Good morning! Here’s what you need to know in markets on Monday.
The price of oil is rising on Monday. Oil prices edged up in early trading as output falls in Nigeria and worries about political instability in Venezuela tightened the market. At around 6:50 a.m. BST (1:30 a.m. ET) both WTI and Brent are trading up between 1.3% and 1.4%.
Asian stocks are broadly higher on Monday. Gains in Asia’s markets are limited, but nearly all the continent’s major bourses are in positive territory to start the week. At around 6:50 a.m. BST (1:50 a.m. ET) Japan’s Nikkei is up 0.2%, while the Hang Seng in Hong Kong is up 1.1%.
Carl Icahn is getting increasingly bearish. The net short position of an investment fund run by billionaire Carl Icahn sharply increased at the end of the first quarter, meaning he could be one of the biggest beneficiaries if financial markets crash, Barrons reports.
Risk on — risk off behaviour is back in the markets. “Risk on — risk off is once again the single most important driver of markets,” HSBC said in a recent note to clients.
Norway’s sovereign wealth fund plans to sue Volkswagen over the impact of its emissions scandal, the Financial Times reports. The $850 billion oil fund is expected to join the class-action lawsuits filed against Volkswagen in German courts in the coming weeks.
Another automaker is getting a fine for cheating emissions tests. South Korea’s environment ministry said on Monday that it plans to fine Nissan Motors 330 million won ($279,920) after finding that the Japanese automaker manipulated emissions tests on its Qashqai model, Reuters reports.
The European Central Bank has become too powerful. The ECB has become too powerful, but largely because politicians have foisted an increasingly political role onto it, Isabel Schnabel, one of the German government’s key economic advisors said in a newspaper interview Sunday.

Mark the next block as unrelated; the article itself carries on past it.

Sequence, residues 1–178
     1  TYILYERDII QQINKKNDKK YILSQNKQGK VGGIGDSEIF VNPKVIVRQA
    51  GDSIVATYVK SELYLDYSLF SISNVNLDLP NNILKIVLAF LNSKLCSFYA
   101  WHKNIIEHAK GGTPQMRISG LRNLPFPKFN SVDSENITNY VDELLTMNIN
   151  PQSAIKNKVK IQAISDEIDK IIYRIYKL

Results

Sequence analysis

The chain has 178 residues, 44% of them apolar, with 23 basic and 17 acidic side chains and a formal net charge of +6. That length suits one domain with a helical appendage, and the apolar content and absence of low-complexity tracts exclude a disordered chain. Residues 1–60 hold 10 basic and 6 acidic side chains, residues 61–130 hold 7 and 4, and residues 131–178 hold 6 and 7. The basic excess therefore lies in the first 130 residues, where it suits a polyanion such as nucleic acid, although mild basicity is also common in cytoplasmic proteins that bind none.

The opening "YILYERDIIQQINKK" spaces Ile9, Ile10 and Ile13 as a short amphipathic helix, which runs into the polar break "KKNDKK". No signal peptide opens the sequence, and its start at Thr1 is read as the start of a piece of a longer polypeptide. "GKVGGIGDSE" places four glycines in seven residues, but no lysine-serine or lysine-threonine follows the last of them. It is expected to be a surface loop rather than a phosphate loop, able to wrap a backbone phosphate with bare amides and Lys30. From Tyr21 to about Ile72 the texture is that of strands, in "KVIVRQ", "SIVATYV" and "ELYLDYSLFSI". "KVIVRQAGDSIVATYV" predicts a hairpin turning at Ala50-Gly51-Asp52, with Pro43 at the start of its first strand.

Bank of England governor Mark Carney has defended the bank’s stance on Brexit. “The issue is much wider than the issues the Bank of England is concerned with,” Carney said on the BBC’s Marr Show just days after he warned that Brexit risked plunging the country into recession.
Another credit ratings agency has downgraded Saudi Arabia. Saudi Arabia’s credit rating has been downgraded by Moody’s because of the long and deep slump in oil prices, it was reported on Sunday. Moody’s cut the country’s long-term issuer rating one notch to A1 from Aa3 after a review that began in March.
It is all quiet on the data front on Monday. With Germany, Switzerland, and France all celebrating Whit Monday, economic data is very light. The biggest European data release on the day is a preliminary reading of Portugal’s Q1 GDP.